May 2004 Issue
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"To me there is more true art in a brick made and burnt by one man than there is in the best piece of molded pottery ever made" – William J. Walley
The World's Columbian Exposition took place in Chicago in 1893.
If you were thinking of traveling there from Boston you would likely inquire into the routes and destinations offered by the “Iron Horse,” a descriptor that had gained new currency since the riotous visit of Buffalo Bill's Wild West Show. At a time when the “Wild West” was generally felt to begin somewhere in Ohio, and the railroad experience not exactly perfected, you really had to want to go.
William Henry Grueby, a native of Chelsea, did. And what he was to see there, coupled with a novel opaque matte glaze he had developed, would lead several years later to the ceramic treasures we today simply call “Grueby.” The most important baggage 26 year-old “Will” took on his journey was his knowledge of ceramic processes and glaze chemistry, and an interest in new applications for his coveted glaze. For the previous 13 years, his training ground and focus had been tiles and architectural installations, first at the nearby J & JG Low Art Tile Works and then – at the time of his trek – his own Grueby and Atwood firm.
"Grueby's glazes were the direct result of the combined practical knowledge of the Robertsons and John Gardner Low." –Susan Montgomery, The Ceramics of William H. Grueby
During his ten-year stay at Low (beginning in 1880, when he was just 13) he was encouraged to experiment with glazes and gained the considerable knowledge of the Low establishment. He also enjoyed the glazing insights of the Chelsea Keramic Art Works through association with George Robertson, who had moved over to the Low Works from that firm.
Inspired by what he had seen at the Exposition – specifically the hand-thrown avante garde work of the French potter August Delaherche – he entered a new partnership in 1894 with the stated purpose of developing hollow ware (i.e art pottery). The Grueby Faience Company would ultimately be incorporated in 1897.
"The shapes distinguished Grueby ware every bit as much as the glaze, as they depended not on intricacy or elaborateness of design and ornamentation, but rather on integrity and contour" – Paul Evans, Art Pottery of the United States
Of his choice of two partners, that of George Prentiss Kendrick as his designer proved to be of considerable consequence. Kendrick, a member of Boston's Arts & Crafts Society, was a skilled metal smith and architectural draughtsman – and more, someone with a particular and very personal fascination for flowers and leaf forms. Kendrick was not a potter. His simple sketches, developed freely, intuitively, and without particular thought to their “do-ability” in the ceramic context, became the loose blueprints for organic and sensuous hand thrown and tooled pottery forms. These were uncannily appropriate to Grueby's glaze and are today considered every bit as superior.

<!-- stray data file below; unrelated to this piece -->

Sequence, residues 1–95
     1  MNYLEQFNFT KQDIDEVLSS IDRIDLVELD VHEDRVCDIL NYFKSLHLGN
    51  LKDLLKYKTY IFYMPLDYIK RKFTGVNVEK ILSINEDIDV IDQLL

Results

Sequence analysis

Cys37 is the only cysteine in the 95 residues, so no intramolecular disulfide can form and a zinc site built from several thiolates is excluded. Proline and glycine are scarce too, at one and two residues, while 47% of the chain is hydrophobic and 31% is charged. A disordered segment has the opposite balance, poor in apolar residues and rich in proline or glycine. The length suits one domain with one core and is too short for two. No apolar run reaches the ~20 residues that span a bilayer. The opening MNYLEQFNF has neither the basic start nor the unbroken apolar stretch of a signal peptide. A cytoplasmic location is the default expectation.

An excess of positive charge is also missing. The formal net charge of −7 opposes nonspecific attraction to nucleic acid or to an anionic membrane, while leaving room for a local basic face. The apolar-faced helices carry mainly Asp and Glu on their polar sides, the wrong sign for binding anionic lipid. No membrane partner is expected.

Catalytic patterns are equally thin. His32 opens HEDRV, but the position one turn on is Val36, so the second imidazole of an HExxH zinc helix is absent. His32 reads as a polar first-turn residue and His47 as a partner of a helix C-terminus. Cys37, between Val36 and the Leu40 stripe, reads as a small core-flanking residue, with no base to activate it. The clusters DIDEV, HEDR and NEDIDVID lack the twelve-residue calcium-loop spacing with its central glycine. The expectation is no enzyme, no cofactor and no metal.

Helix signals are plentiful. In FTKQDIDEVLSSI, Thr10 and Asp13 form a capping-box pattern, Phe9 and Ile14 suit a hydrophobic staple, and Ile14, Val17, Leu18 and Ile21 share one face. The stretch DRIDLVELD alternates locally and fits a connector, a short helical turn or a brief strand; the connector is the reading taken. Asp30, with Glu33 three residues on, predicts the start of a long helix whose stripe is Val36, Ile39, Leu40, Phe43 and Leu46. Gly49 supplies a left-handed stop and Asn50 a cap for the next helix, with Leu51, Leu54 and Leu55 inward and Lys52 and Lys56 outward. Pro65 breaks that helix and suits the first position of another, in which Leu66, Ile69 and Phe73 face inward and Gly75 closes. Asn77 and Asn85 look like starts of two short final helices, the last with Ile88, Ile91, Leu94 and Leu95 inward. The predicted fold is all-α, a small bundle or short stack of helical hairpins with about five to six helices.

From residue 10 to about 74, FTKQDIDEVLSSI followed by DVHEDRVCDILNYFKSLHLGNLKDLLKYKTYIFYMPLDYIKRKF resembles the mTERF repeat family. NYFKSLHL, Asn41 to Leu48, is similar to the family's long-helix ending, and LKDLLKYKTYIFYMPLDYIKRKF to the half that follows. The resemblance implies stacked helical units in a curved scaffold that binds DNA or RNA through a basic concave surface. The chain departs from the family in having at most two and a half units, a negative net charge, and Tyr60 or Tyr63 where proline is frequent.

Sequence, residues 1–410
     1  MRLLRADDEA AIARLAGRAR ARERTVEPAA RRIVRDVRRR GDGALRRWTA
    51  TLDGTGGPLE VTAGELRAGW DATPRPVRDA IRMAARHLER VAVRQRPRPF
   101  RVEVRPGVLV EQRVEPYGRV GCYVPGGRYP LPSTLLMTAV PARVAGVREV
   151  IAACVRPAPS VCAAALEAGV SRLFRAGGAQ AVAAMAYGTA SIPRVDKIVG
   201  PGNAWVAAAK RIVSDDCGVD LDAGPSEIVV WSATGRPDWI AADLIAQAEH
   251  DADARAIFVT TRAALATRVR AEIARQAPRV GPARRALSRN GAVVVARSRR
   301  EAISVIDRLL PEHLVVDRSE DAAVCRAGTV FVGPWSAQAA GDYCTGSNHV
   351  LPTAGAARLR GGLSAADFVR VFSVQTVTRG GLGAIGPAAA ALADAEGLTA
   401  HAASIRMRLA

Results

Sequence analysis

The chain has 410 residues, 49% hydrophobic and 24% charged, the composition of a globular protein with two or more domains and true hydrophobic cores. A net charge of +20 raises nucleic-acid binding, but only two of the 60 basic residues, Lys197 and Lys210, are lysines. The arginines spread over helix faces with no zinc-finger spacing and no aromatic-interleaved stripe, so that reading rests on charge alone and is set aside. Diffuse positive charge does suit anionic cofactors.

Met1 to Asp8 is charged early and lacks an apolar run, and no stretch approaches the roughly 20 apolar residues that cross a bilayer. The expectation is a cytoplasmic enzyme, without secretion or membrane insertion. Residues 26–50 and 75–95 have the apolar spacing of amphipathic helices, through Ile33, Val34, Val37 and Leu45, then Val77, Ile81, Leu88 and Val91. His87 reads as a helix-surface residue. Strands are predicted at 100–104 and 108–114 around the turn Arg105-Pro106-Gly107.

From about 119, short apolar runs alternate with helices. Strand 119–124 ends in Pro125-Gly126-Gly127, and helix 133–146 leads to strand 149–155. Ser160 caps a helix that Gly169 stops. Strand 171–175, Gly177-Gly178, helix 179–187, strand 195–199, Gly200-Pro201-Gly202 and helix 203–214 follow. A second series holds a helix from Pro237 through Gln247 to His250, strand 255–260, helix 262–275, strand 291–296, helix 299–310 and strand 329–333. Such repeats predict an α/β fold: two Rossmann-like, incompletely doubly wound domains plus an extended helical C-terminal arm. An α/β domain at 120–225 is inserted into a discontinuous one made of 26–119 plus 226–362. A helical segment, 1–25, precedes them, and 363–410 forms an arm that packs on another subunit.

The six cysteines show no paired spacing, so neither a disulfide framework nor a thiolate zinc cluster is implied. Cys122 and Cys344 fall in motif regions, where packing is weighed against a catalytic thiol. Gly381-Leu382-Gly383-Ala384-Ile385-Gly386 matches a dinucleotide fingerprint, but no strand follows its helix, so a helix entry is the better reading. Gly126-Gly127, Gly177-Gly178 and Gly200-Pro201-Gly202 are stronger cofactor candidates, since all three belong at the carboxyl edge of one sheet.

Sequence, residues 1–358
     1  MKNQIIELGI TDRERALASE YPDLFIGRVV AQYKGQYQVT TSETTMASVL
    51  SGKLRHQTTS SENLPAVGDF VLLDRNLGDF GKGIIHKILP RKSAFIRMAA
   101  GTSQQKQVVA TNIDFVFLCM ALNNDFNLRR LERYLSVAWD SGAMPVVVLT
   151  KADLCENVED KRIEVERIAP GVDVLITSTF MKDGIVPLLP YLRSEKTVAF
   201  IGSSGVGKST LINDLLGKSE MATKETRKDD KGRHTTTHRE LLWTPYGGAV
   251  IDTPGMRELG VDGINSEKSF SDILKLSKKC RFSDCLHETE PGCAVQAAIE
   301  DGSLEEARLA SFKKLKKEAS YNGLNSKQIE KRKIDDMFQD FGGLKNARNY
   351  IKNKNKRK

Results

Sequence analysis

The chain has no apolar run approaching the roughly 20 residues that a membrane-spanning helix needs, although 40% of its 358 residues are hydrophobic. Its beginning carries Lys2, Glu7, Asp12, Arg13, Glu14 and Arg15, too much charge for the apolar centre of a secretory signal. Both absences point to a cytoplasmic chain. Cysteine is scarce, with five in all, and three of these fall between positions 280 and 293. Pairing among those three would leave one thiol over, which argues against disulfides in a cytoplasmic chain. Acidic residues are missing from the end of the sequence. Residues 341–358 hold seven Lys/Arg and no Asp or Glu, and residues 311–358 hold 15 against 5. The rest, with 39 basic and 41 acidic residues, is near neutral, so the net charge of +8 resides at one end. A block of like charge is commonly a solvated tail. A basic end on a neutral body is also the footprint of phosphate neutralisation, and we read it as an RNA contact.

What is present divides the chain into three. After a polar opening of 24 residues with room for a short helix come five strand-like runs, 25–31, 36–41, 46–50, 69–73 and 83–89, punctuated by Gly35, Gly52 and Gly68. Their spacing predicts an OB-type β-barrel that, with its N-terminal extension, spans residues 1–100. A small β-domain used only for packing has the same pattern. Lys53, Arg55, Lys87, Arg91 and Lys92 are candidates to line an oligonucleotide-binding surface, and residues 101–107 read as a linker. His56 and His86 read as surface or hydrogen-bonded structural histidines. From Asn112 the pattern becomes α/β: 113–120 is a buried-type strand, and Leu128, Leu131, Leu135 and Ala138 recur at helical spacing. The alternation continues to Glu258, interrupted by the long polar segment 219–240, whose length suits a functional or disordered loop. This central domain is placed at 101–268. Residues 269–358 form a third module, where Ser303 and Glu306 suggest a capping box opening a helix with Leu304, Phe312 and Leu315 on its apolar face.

"To my mind, George Ohr and Grueby are perhaps the two best expressions of the Arts and Crafts philosophy. Grueby, though a collaborative affair and a small factory, defined an aesthetic in a very singular way, one that resonated deeply in America." – David Rago
While we might single out the ware's simple, elegant. and beautifully contoured forms or its true-to-the-sense-of-life modeling, it was quite clear to Grueby himself what was most important about his product. And that was its glaze. Evidencing his thinking was the disposition of two Grueby pieces shown at the Worcester Art Museum's exhibition of 1903:
"Two pieces were selected for the museum's permanent collection: a vase in light blue for $12 (and another for $100). The vases are nearly identical in size, approximately twelve inches, and form. The reason for the $88 difference in the value placed upon them by Grueby was in the glazes." – Susan Montgomery, The Ceramics of William H. Grueby
Grueby pots cooled to an incredible range of glaze effects, particularly vivid in green and unmatched by any other pottery. These, animating the surfaces of pots themselves showing the subtle variations wrought by hand work, guaranteed that no two pieces were ever exactly alike. Opaque, often thick and typically of low luster, Grueby “green” ranged from a dark, rich, and relatively even finish to all manner of highly complex curdled, crackled, veined speckled, and even crystalline effects. A single superior example, studied close-up, might carry virtually every shade of the color, from black/green spots and flecks to a soft yellow where the glaze eased away from high points to reveal the underlying clay. These variations were part of the idea, as were the subtle differences in modeling – evidence of the ”entirely by the hands of man” nature of the ware. Ware that was entirely consistent with the varied natural world it sought to praise and often captured.